The words in the headline are those of Donnie King, CEO of Tyson Foods Inc., who announced on August 2, 2021, that his company would require its employees to be vaccinated against COVID-19.
What’s remarkable about this comment, apart from the fact that Tyson Foods was the first manufacturing company to publicly come out with a policy requiring the vaccine for the entire workforce, is the humanness of the statement.
What makes this statement so important, especially for a CEO?
“We have research showing that people have a hard time having empathy for leaders,” explains Lindred (Lindy) Greer, faculty director of the Sanger Leadership Center, and an associate professor of management and organizations at Ross Business School, University of Michigan. “As a CEO, highlighting your humanity, saying this was a tough decision, makes clear that this decision wasn’t made from a computer calculating the odds, but [from] a human being considering various groups of stakeholders and trying to figure out the best thing to do.”
Including emotion as part of a leadership message is important. “Acknowledging the emotion of the decision, a leader can allude to the fact that people will have reactions to this decision for better or worse,” says Greer, whose research focuses on how to lead effective organizational teams and also studies the communication of emotions.
While the reaction to an extremely complicated situation, such as the pandemic, is a heightened example of the varying views of the many stakeholders, the process of coming to a difficult decision is one that occurs often. Therefore, having a robust, inclusive decision-making process is imperative.
Greer sees value in the decision-making structure called RACI-VS, which stands for responsible, accountable, consulted, informed, verification and sign-off. “Working within this framework, and others like it, a leader is held accountable,” says Greer.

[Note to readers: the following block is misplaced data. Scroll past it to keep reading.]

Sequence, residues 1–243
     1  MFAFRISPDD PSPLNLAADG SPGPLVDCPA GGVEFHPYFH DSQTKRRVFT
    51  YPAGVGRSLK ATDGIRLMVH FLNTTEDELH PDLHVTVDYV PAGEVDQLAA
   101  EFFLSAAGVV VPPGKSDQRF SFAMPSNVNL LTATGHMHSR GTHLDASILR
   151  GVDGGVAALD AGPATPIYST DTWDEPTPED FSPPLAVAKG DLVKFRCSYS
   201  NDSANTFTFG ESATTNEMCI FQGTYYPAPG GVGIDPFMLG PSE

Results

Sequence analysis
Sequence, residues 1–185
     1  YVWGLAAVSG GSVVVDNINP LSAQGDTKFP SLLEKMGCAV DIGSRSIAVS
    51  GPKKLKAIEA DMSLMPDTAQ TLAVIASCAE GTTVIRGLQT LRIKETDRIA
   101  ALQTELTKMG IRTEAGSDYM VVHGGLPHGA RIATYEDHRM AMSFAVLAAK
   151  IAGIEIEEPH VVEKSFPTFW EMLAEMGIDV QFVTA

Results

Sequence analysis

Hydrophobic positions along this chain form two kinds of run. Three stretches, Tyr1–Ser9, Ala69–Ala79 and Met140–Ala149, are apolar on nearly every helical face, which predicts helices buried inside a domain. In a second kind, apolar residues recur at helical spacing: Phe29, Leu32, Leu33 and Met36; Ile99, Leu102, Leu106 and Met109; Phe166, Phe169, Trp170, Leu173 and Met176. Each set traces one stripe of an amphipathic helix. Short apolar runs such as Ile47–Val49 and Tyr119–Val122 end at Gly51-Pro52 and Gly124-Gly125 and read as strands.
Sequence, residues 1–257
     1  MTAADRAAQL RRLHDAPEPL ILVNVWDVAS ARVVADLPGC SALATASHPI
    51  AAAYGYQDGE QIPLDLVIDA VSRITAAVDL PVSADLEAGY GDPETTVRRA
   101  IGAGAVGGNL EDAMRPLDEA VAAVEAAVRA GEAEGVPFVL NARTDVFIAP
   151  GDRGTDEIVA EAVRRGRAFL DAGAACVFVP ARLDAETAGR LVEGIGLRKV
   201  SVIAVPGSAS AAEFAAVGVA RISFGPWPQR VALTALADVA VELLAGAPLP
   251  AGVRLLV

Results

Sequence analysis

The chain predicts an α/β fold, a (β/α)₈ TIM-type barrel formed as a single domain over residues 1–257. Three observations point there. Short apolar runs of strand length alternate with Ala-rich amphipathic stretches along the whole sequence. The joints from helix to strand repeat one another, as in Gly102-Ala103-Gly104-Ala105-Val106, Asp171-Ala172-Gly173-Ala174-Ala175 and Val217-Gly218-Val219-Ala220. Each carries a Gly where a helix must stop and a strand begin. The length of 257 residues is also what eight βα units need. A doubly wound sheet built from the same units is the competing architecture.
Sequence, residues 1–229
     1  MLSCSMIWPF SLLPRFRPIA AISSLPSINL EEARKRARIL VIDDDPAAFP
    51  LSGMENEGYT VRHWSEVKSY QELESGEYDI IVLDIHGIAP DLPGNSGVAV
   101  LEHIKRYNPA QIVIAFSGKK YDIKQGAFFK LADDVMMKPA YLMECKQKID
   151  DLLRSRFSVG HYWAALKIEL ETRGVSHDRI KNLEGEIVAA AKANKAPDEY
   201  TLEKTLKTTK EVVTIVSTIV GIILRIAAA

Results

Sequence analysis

Among the decisions that need to be made are who is on the team and who is in the room when the decisions are being made. Companies must determine the experts in the company who need to have a say, as well as the personnel whose work will be impacted by the final decision.
“The key is to let the data, gleaned from various areas across the company, drive the decision,” says Greer.
This reliance on data as the key factor in decision-making is a move away from more traditional methods. “A good leader should not make decisions based on a gut reaction,” says Greer. “They need to have data from experts both inside and outside of the company.”
Greer says research also has shown that there is a specific number of people who should participate in the final stage of decision making. “An ideal number of people in the room should be three to five,” says Greer. “Everyone shares their opinions, which are supported by the data they gathered. Next, a robust debate should occur. It’s at that point that the leaders can balance all the information, lean heavily on data and make the final decision.”
There is another process, embedded in decision-making, that must be adjusted when making vital decisions: organizational hierarchy. Greer says organizations should suspend hierarchy during the process of coming to a decision, and she cites as a good example the method used by the Navy SEALs when it debriefs a mission. Before entering the meeting room, personnel take off their stripes, creating a “flatness” to the process. Discussions are on equal footing as this group talks about how to improve processes moving forward.
Just as the SEAL’s method is one of continually improving processes, Tyson and other companies should use lessons learned during the pandemic in future decision-making. Perhaps one of the critical lessons learned is to present any decision or policy in a human manner that underscores the emotion of the situation.